September 29, 2016 11:13 am 1 Comment
We handle a fair amount of turmeric at Naturally Good Food. In addition to the pre-packs from Crazy Jack, Organic Herb Trading and Midland Herb, we pack down bulk bags of organic turmeric under our Soil Association organic licence.
It’s lovely stuff: glowing, luminous, mesmerisingly bright. Staring into a brown paper bag containing a kilo or so of turmeric powder is like looking into an enchanted cave.
And it’s just as wonderful for your insides – and for your cooking – too. Indeed, rather as we predicted, turmeric has become one of the big health items this year. It’s not completely new to any of us, of course – it’s been a staple of any British attempt at Indian cooking for decades, and has featured in our cuisine for hundreds of years. However, it’s only in the last few years that it’s started to be associated with some serious health benefits.
In India, by contrast, turmeric has always been seen as a ‘medicinal’ herb. Its main active ingredient is curcumin, which has powerful anti-inflammatory effects, and is a strong antioxidant. Turmeric is thought to inhibit the growth of new blood vessels in certain cancers, to have positive effects on cholesterol, to help with indigestion and to help fight colds and flu. Some research points to positive benefits in limiting the effects of dementia – and, most recently, scientific experiments have indicated a likely role in preventing the cell transformations associated with cancer, asthma and eczema.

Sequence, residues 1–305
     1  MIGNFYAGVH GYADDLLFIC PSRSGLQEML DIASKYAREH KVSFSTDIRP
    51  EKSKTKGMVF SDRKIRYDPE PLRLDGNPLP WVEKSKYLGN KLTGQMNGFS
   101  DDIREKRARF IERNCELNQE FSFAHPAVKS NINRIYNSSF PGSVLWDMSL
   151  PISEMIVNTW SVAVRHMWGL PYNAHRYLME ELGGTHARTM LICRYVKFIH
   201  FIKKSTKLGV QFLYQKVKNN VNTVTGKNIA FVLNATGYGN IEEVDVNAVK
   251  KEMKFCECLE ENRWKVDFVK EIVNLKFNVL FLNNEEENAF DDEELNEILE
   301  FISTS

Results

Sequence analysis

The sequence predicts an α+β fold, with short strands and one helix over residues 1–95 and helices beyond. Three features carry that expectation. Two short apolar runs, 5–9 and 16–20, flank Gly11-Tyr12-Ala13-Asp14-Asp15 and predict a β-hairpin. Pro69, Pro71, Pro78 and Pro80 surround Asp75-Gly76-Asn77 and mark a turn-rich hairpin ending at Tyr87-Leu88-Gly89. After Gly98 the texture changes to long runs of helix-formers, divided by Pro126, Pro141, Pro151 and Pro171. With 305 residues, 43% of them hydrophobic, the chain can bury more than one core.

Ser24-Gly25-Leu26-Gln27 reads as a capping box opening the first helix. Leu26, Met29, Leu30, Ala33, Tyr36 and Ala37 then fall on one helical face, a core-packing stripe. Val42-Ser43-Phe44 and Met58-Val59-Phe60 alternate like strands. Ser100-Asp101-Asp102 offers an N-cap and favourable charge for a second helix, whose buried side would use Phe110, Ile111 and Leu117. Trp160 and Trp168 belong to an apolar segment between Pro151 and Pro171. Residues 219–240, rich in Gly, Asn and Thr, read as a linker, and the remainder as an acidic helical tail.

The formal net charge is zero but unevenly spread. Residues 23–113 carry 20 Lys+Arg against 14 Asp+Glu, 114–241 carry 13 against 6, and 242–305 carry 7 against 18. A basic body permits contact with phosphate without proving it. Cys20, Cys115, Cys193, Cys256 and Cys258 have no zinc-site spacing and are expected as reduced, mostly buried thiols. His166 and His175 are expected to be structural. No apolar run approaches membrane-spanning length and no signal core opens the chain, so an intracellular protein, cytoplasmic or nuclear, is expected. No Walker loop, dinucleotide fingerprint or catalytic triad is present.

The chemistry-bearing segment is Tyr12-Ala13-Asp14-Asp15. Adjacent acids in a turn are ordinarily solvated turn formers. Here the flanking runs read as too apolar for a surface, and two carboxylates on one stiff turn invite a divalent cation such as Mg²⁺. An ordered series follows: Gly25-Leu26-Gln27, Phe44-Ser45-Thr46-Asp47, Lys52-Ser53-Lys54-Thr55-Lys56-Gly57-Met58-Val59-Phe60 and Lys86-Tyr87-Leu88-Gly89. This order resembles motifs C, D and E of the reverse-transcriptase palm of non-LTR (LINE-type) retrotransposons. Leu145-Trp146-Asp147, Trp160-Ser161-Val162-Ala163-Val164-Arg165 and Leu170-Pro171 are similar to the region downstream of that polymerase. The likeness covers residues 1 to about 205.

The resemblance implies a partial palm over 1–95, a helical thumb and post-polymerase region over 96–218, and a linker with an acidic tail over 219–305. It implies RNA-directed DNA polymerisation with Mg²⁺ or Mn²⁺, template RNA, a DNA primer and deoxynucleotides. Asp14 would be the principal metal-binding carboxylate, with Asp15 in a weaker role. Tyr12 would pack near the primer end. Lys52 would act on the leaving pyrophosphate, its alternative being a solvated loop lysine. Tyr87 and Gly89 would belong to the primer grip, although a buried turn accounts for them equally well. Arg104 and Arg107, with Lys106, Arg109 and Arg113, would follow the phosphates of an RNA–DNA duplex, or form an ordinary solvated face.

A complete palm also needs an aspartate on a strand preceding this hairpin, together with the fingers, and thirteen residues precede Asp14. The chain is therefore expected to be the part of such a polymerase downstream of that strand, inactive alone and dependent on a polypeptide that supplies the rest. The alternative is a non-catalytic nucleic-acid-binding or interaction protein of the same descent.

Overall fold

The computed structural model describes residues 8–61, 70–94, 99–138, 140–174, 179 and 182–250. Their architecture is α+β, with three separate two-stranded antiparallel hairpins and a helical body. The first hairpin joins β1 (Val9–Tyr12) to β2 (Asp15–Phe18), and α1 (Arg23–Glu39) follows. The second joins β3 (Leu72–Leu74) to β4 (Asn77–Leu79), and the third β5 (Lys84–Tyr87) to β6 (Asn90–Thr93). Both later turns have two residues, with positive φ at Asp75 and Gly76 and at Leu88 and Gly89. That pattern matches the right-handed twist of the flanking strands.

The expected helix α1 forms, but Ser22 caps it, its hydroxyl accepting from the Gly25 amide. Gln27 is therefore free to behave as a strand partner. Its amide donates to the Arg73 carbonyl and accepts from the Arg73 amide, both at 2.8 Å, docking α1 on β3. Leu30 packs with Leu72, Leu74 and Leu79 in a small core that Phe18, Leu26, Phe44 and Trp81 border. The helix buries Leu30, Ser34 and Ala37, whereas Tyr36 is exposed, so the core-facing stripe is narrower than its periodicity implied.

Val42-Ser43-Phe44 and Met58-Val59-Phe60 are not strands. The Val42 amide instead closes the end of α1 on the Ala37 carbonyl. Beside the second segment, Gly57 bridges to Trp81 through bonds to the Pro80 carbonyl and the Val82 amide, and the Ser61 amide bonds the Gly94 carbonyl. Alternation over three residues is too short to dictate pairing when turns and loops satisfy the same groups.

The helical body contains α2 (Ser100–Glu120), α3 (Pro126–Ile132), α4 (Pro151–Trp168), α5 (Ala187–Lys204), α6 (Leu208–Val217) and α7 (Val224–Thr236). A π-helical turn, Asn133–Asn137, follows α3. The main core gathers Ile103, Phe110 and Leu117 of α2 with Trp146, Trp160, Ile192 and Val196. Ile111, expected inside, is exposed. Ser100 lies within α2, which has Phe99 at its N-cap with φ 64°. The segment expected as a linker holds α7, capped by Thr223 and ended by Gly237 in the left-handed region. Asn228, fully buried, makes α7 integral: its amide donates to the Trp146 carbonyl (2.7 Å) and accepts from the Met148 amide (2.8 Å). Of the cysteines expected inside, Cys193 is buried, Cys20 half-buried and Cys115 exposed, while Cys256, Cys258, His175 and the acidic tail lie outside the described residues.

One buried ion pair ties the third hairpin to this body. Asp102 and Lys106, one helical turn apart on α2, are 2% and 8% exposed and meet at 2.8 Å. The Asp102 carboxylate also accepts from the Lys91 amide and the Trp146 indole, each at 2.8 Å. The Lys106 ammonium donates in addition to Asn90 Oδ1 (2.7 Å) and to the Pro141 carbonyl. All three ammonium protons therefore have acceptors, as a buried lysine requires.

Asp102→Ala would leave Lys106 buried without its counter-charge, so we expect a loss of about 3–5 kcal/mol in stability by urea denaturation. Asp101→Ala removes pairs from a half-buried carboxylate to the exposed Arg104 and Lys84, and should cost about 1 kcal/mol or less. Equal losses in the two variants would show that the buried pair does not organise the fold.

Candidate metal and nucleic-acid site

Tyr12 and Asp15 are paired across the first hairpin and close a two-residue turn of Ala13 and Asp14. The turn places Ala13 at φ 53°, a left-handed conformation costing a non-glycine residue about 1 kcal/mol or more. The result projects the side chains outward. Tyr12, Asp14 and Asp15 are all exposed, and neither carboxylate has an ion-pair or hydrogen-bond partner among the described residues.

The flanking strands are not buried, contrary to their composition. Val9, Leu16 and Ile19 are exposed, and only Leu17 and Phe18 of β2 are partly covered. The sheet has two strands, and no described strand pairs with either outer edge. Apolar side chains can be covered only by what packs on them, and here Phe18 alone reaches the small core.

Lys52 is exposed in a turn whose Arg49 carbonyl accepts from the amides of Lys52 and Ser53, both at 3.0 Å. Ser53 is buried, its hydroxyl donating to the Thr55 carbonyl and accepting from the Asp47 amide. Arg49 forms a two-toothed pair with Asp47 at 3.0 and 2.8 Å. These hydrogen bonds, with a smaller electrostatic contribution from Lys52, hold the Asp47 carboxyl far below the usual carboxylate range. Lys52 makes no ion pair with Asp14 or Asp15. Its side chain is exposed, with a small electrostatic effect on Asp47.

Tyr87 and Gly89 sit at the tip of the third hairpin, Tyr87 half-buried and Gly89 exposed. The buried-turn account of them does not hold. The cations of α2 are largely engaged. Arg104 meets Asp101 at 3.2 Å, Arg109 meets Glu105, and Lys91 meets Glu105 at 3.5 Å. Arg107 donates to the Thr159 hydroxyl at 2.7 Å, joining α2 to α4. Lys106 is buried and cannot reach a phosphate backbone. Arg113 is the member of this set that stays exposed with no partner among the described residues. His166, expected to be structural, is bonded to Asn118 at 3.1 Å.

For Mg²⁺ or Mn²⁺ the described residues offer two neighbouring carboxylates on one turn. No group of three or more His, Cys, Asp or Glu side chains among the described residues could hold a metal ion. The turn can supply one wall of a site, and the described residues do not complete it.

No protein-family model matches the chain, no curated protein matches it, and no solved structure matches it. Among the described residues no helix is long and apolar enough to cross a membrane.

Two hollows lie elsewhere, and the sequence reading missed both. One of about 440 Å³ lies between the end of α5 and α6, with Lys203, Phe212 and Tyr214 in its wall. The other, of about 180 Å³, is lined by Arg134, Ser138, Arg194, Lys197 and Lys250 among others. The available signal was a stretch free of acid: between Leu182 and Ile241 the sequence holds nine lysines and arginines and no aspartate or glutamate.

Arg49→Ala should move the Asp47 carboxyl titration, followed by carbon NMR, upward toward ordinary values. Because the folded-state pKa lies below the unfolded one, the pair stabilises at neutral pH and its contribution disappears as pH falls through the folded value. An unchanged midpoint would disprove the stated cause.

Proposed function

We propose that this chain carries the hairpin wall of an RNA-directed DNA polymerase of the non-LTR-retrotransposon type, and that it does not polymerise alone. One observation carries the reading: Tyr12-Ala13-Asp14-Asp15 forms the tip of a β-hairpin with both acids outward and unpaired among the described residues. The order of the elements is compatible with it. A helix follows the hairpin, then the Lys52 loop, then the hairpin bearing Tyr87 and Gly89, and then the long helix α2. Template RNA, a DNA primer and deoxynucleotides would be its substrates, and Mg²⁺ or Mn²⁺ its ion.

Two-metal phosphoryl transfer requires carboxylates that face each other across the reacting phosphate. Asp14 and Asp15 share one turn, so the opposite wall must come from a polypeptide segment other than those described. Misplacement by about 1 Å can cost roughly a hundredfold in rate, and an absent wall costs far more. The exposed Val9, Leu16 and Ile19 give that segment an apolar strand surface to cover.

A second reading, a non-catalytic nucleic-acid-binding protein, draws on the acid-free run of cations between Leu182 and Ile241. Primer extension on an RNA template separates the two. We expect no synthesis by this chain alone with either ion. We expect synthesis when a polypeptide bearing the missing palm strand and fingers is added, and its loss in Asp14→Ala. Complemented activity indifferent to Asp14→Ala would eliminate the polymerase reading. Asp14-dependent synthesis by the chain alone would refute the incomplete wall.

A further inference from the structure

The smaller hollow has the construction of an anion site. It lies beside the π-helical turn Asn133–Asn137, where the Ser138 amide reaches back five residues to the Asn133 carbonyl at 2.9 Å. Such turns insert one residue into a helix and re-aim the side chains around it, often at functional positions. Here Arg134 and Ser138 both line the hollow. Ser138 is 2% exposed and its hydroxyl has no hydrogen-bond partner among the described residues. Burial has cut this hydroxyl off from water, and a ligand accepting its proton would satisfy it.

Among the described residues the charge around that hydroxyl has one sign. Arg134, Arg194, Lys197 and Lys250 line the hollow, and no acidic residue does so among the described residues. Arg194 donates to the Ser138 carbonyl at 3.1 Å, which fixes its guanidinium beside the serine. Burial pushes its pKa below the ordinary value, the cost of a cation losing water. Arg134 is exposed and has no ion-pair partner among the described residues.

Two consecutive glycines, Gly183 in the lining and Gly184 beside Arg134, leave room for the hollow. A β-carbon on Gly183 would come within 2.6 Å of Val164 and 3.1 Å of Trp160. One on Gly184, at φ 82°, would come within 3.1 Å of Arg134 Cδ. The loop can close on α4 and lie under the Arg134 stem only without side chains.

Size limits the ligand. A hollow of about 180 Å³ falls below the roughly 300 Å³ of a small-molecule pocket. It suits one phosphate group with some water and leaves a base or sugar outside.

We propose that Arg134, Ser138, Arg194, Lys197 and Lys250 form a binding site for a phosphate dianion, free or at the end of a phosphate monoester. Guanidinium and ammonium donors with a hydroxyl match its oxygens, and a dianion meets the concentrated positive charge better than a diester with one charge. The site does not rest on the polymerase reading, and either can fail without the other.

And turmeric feels good for you, of course. If you’re feeling weary, or small, or rather like evening might be falling too hard, then a spoonful of turmeric in a curry or soup not only boosts the dish, but can really raise your flagging spirits.
A few good things to do with turmeric
Here’s a few good things you can do with turmeric:
- In curry: it’s the obvious one, of course, but you might want to sneak in an extra spoonful to turbo-charge it.
- In kedgeree: gives your kedgeree a lovely golden colour and increased healthiness.
- In delicious ginger and turmeric oatcakes, already made for you by Rude Health and thoroughly tested by the staff at Naturally Good Food.
- In soups: for a warming edge, stir in a spoonful.
- On roast potatoes: just before roasting. Also works well with other, similar vegetables, to give a touch of heat.
- In scrambled egg: a more unusual option, giving a deeper colour and taste. Best with free-range eggs with full-flavoured yolks, and a pinch of salt.
- In an omelette – and why not add some chillies too, for a spicy change?
- Make a tea with it: simmer with milk, honey or other sweetener, and some ground ginger. Play around with the ingredients to find what works best for you. This is just what you need when you can feel a cold threatening…
Click here to see our full range of turmeric, from bulk bags to small packs.
Tags: crazy jack, ground ginger, Midland Herb, oatcakes, Organic Herb Trading, rude health, spice, turmeric
This post was written by Yzanne